New York is off to a historic start and its long-awaited pitching rotation is finally in place.

You should really meet the Mets. Step right up and greet the Mets. Better yet, gingerly approach the Mets. Be sure to stay back a few steps, at least. Don’t move, maybe. Don’t even blink, actually. Definitely don’t bring your kids, though, because germs. Please also avoid jostling the Mets or even lovingly running your fingers through Noah Syndergaard’s hair.

Because things are going too well. Too well. Please don’t break the Mets with your exuberance.

Not only are the 2018 Mets off to their best start to a season in franchise history, but the team’s long-awaited “five aces” pitching rotation has finally made five consecutive starts. The Mets won all five games.

Two decades after Generation K failed to deliver, the Mets have been mostly waiting for Generation DL to even assemble. At long last, Noah Syndergaard, Jacob deGrom, Matt Harvey, Steven Matz and Zack Wheeler are in the starting rotation at the same time.

Behold, the definitely once and maybe even future Mets’ starting pitching depth chart.


Wheeler, who missed the 2015 and 2016 seasons, are undergoing Tommy John surgery, was called up on Wednesday to start against the Marlins. The 27-year-old righty settled down after surrendering a first-inning home run to allow just two hits while racking up seven strikeouts across seven innings. He departed in eighth to make way for a pinch-hitter and then Mets went on to win, 4-1. It was their eighth straight win.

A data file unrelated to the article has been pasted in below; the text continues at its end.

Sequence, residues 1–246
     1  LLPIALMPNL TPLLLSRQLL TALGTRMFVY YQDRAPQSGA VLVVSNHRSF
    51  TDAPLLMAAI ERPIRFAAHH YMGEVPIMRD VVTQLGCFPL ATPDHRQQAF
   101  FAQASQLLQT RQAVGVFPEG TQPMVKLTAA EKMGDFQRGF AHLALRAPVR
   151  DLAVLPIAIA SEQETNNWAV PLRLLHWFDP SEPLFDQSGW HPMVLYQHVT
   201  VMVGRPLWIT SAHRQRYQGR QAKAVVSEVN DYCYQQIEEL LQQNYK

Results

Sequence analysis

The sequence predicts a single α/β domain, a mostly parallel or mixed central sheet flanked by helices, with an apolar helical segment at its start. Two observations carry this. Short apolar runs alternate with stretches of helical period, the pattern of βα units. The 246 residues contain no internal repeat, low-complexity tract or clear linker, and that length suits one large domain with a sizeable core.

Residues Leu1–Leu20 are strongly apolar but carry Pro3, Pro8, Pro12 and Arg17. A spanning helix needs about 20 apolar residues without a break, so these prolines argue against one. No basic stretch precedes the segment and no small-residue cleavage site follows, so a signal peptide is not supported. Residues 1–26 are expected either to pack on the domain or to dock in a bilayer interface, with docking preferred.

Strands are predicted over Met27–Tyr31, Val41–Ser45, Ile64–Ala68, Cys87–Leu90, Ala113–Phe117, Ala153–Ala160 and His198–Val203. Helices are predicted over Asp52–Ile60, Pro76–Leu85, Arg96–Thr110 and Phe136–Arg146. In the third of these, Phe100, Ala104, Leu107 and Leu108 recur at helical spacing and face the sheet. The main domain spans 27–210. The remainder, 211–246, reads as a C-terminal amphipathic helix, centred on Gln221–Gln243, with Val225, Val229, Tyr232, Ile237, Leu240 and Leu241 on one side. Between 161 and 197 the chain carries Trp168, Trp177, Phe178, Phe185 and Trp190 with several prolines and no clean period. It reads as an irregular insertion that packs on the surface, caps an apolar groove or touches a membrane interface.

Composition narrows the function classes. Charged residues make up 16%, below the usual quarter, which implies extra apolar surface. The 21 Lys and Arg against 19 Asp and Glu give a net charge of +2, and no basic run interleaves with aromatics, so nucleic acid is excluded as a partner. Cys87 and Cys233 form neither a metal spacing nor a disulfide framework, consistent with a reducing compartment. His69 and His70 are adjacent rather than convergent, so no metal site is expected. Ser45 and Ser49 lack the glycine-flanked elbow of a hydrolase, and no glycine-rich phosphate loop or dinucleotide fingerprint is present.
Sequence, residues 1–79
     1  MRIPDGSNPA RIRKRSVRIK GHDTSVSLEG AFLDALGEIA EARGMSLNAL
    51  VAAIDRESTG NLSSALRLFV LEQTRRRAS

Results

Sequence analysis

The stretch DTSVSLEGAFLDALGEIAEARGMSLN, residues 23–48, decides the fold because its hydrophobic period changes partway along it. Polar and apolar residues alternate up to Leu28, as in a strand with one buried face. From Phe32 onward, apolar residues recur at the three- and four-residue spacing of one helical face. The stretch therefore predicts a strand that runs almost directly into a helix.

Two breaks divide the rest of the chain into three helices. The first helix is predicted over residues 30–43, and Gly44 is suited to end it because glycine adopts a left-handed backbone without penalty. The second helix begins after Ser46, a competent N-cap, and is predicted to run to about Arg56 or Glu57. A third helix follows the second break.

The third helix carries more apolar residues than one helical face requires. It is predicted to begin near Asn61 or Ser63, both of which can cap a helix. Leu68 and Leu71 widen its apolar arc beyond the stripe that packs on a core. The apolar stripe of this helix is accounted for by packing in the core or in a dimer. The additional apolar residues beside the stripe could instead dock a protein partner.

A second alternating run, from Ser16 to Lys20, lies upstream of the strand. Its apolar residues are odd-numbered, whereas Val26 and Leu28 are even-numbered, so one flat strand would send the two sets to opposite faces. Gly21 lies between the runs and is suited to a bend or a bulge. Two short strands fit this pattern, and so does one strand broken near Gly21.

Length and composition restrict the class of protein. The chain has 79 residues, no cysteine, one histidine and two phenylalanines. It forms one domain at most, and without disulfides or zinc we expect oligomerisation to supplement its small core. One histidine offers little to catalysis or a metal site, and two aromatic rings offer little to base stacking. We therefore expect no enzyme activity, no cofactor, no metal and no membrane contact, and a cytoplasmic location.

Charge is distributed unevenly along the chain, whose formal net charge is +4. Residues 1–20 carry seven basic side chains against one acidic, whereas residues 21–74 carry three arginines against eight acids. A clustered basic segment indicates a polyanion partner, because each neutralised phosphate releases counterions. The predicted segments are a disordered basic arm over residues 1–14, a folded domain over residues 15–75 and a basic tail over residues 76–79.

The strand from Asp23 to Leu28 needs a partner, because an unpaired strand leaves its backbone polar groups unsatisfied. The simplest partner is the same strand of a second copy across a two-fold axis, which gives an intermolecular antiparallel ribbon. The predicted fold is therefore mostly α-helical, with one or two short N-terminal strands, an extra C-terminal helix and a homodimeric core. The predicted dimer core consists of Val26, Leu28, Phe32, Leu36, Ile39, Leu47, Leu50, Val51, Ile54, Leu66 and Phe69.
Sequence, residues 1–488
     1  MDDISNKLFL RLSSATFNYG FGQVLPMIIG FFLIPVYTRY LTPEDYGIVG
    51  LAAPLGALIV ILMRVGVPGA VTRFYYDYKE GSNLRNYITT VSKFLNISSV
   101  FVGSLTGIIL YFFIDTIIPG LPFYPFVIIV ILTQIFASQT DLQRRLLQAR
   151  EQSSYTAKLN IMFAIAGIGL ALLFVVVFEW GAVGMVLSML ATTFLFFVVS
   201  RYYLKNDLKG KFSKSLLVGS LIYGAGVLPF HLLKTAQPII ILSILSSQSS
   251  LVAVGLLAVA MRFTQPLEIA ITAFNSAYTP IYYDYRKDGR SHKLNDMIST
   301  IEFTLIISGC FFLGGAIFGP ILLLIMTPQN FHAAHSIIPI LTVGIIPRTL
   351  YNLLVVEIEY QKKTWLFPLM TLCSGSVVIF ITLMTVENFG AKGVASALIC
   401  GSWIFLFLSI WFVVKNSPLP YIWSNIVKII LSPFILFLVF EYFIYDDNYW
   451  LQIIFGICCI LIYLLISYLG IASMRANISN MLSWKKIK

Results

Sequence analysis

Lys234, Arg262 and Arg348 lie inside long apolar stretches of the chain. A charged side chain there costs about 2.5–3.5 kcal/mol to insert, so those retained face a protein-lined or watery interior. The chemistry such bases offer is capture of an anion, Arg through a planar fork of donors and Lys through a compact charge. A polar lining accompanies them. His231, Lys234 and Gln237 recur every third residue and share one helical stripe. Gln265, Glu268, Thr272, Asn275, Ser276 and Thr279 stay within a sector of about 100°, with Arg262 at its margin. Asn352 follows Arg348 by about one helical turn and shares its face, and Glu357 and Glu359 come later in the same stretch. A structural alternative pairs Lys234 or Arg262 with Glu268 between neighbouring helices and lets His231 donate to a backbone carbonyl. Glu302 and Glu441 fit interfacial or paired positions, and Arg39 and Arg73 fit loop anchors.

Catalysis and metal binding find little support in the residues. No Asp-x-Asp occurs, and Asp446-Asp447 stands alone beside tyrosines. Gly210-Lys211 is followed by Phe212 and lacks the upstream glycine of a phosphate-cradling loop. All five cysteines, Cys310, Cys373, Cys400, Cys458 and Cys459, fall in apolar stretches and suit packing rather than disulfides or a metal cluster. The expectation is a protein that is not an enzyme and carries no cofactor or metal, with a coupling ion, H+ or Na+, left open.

“It’s an awesome rotation. Think it speaks for itself,” Wheeler said leading up to his 2018 debut, via the Daily News. “I am just happy to be a part of it, hopefully I can stay here and keep working.”

The Mets have been waiting for this rotation to align since 2015 when Matz and Syndergaard made their major league debuts. The team reached the World Series that season with Bartolo Colon making 31 regular-season starts. Yes, this lineup was supposed to be even better than one featuring Bartolo, qualitatively if not quantitatively.

Here are just some injuries that have sidelined these pitchers:

Will this Mets’ rotation stay together?

Well, you could say this group is due for a smooth, able-bodied season. Or you could say this group is clearly doomed. Your answer will depend on whether or not you have been broken by the Mets.

You could also say that Wheeler was actually ineffective during spring training and is likely be replaced in the rotation, healthy or not, when Jason Vargas is available.

Before Wheeler’s start, Mets manager Mickey Callaway basically said ¯_(ツ)_/¯.

“Spot starts, or whatever you want to call them, turn into five-year careers sometimes,” Callaway said, via MLB.com. “You just never know what’s going to happen.”

After his dominant outing, it sounded like Wheeler would be sticking around for at least one more turn through the rotation. Callaway also sounded a bit more impressed.

“I thought he did a really good job getting ahead,” the Mets’ rookie manager told reporters after the game. “He stayed relaxed. Good tempo in between pitches, that tells me that he wasn’t anxious or anything like that. Good confidence. Really good job.”